Combining the measurements with resolution, the iPhone 13 offers a higher dot density on the screen (460 DPI/PPP, with 1,170 x 2,532 pixels), versus 421 DPI for the Galaxy S21 and 411 DPI for the Pixel 6 (both with 1,080 x 2,400 resolution). However, your eyes would most probably be unable to tell the difference...and you must be a real nitpicker if you were to base your purchase decision on this criteria alone.
Galaxy S21 vs Pixel 6 vs iPhone 13: UI and system updates
When it comes to the user interface, we're faced with three distinctly different major software experiences. While the Pixel 6 and Galaxy S21 run on Android 12 with Samsung 's device still in beta, the iPhone 13 features the latest version of iOS 15.1.
Among the software highlights, security and privacy concerns are present in all three operating systems, with Artificial Intelligence (AI) and Machine Learning (ML) based services available on the device.
In addition to having at least two really distinct software experiences between these models, another point of separation would be OS updates. However, by 2021, the gap between system update releases between Android and iOS has narrowed.
While Apple offers up to five years of iOS updates, Samsung and Google guarantee at least three major Android updates, but four and five years of security updates for the Galaxy S21 and Google Pixel 6, respectively.
- Android 12 update tracker: Which smartphones will receive the update
- Android 12: Which Samsung smartphones will receive the update?
- iOS 15: All features and functions that you need to know
Galaxy S21 vs Pixel 6 vs iPhone 13: Custom processor in all three devices
When it comes to the SoC, all three smartphones are the best examples in terms of verticalization - that is, relying on internally developed processors except for the North American versions of the Galaxy S21 which comes equipped with the Snapdragon 888 chipset.
The latest release would be Tensor, Google's first mobile SoC which features a curious configuration with two Cortex-X1 high-performance cores, two Cortex-A76 intermediate CPUs, and four Cortex-A55 high-efficiency cores.
In benchmark tests, this SoC proved to not be superior in everyday tasks to the Exynos 2100 that powers the Galaxy S21, which features one X1 core, a trio of A78 CPUs (more modern and faster than the A76), and a quartet of A55 cores.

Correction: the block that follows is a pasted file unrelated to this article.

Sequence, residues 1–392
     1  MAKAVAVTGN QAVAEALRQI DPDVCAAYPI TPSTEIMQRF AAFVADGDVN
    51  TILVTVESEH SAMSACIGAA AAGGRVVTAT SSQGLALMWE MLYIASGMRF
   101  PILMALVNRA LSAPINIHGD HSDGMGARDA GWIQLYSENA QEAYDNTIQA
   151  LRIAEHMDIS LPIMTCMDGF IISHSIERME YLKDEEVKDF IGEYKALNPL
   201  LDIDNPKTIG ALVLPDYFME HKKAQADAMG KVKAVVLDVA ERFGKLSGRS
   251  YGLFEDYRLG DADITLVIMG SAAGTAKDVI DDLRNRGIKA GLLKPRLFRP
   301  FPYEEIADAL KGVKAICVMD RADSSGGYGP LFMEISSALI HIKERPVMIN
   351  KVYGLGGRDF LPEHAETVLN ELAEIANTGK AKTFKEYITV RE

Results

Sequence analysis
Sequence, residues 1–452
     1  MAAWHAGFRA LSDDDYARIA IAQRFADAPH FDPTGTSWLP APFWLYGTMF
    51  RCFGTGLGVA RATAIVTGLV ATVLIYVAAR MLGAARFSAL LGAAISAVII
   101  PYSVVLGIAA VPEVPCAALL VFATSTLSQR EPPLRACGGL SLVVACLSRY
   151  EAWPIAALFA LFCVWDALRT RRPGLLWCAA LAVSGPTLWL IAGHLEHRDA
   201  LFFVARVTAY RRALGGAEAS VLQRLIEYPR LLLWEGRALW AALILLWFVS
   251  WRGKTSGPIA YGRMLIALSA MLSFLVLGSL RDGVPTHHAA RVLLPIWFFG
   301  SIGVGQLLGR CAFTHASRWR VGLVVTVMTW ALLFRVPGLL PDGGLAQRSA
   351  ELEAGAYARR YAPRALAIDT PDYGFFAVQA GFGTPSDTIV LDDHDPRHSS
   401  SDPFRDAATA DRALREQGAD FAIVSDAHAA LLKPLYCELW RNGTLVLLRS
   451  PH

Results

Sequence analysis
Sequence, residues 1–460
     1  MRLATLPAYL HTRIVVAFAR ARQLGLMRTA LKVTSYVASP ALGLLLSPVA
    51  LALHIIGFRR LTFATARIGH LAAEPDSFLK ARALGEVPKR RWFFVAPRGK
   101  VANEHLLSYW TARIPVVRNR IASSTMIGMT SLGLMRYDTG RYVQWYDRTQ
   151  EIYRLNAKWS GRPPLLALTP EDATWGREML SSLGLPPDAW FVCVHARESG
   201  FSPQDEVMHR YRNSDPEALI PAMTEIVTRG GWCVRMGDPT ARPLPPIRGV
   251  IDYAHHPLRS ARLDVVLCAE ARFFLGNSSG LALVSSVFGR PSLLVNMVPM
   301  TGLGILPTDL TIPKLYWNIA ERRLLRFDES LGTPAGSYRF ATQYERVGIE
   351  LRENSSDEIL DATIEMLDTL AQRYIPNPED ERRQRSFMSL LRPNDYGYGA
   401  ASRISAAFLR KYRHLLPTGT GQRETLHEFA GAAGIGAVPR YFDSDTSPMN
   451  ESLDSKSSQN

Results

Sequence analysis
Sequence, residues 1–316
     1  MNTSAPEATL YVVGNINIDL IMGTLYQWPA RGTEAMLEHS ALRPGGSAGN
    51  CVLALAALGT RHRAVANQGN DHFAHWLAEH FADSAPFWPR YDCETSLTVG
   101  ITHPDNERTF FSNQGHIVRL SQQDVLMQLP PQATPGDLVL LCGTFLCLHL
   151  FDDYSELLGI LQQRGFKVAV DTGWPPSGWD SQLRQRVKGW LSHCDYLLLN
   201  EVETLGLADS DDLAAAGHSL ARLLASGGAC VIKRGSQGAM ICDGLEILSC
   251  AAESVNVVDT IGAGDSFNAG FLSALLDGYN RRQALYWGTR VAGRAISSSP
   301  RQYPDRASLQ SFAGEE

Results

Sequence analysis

Google's trump card over the Samsung however, lies in the higher number of Mali-G78 graphics cores, which promises superior gaming performance, in addition to the integration of machine learning (ML) features.
|Model/Benchmark||Google Pixel 6||Samsung Galaxy S21||iPhone 13|
|Geekbench 5 (single/multi)||1.031 / 2.803||899 / 2.961||1.716 / 4.555|
|3DMark Wild Life||6.721||5.461||8.819|
|3DMark Wild Life Stress Test||6.707||5.609||8.905|
|3DMark Wild Life Extreme Stress Test||2.017||1.785||2.566|
The iPhone 13, meanwhile, is in a category of itself when it comes to SoCs, as Apple uses its own CPU and GPU cores and they outperform the competition in benchmarks year after year as system optimizations make up for the shortfall of having half as much RAM as its rivals.
Galaxy S21 vs Pixel 6 vs iPhone 13: Cameras
On the innovation front, the camera is perhaps the most important feature on a smartphone today after software. While all of these models in this comparison hit the market in 2021, the Samsung Galaxy S21 is the only model that was announced in the first quarter of the year.
That might even place Samsung's vanilla variant at a disadvantage. However, out of the three smartphones, the Galaxy S21 is the only one to feature a triple camera system with a telephoto lens to boot.
When it comes to the iPhone 13, however, we have the new Cinematic Mode, which applies the bokeh effect to videos, and Photographic Styles, which applies hue, temperature, and saturation changes using the iPhone's hardware to optimize the end result.
As for Samsung's camera software, the South Korean conglomerate also offers the blurred background effect in videos, but its accuracy is not the same as we found in the Cinematic Mode of the new iPhone 13.